Tag: Montego Bay

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Reggae Sumfest Generates $1 Billion Jamaican Dollars for the Montego Bay Area & Country!

The Team at Downsound Entertainment have definitely achieved their goals with making Reggae Sumfest a hugely attended international event! Anyone who wasn’t taking Reggae music & musicians seriously before – take note – the entire island has financially benefited from the Caribbean’s largest Reggae Festival that took place July 14-20, 2019.

Several news channels have reported this figure, which was originally projected to be around $12 Million USD, it’s now closer to $75 Million USD. The hotels, restaurants, taxi drivers and businesses around Mobay were lively with an enthusiastic crowd and the 5 Pre-Events before Festival Nights 1 & 2 helped keep everyone in an irie mood for the entire week.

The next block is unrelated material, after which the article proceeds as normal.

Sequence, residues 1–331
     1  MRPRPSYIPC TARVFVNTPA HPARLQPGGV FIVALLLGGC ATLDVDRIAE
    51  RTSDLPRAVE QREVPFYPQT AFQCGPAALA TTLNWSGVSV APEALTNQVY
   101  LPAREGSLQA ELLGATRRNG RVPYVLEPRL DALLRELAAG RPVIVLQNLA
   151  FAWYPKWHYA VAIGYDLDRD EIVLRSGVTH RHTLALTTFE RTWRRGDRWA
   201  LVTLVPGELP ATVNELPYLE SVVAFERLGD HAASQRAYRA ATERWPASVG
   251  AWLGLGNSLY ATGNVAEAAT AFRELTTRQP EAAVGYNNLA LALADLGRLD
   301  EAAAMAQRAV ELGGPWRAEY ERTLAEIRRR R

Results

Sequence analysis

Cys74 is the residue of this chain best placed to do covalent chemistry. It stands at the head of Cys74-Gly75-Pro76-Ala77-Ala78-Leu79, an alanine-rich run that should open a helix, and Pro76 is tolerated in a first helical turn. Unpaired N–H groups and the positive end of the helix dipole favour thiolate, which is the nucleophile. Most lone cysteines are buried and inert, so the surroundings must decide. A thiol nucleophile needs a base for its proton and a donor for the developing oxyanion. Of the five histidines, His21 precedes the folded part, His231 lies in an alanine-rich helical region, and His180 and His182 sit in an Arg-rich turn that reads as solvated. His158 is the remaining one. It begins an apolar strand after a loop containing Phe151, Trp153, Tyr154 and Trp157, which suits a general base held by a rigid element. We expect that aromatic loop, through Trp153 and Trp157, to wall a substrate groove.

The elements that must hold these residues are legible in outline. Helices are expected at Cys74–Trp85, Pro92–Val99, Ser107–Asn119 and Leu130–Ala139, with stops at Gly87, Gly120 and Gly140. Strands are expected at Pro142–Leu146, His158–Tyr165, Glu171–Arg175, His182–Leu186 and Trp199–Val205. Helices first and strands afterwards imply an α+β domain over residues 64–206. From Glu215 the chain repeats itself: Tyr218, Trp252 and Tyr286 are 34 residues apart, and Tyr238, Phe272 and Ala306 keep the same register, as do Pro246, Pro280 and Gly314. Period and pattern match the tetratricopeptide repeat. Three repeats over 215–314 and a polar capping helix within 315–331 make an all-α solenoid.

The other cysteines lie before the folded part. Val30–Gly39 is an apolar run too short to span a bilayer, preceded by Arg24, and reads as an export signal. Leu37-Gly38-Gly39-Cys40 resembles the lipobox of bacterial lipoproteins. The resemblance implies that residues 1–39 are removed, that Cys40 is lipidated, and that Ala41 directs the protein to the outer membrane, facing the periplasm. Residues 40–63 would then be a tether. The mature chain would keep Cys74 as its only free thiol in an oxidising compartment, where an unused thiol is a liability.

As evident from the overhead drone shots, the festival was packed with locals and the 10,000+ that flew in specifically for Sumfest 2019.

Downsound Entertainment also provided free live-streaming on their Youtube Channel and DSE TV for the entire shows on Friday & Saturday night.

The Livestreams were also highly attended with over 10K international viewers all joining in on the good vibes and stellar performances.

If you missed it or want to watch again all of the performances are on their channel HERE https://www.youtube.com/channel/UCHWqekyGOTkdu8IlcapvJSw/videos

For more news on Reggae Sumfest visit: https://reggaesumfest.com/